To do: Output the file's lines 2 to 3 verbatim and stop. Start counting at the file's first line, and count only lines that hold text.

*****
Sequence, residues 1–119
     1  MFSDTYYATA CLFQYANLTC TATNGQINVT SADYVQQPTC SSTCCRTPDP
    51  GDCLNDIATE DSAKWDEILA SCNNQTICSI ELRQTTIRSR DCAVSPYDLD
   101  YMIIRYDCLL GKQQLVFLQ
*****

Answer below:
     1  MFSDTYYATA CLFQYANLTC TATNGQINVT SADYVQQPTC SSTCCRTPDP
    51  GDCLNDIATE DSAKWDEILA SCNNQTICSI ELRQTTIRSR DCAVSPYDLD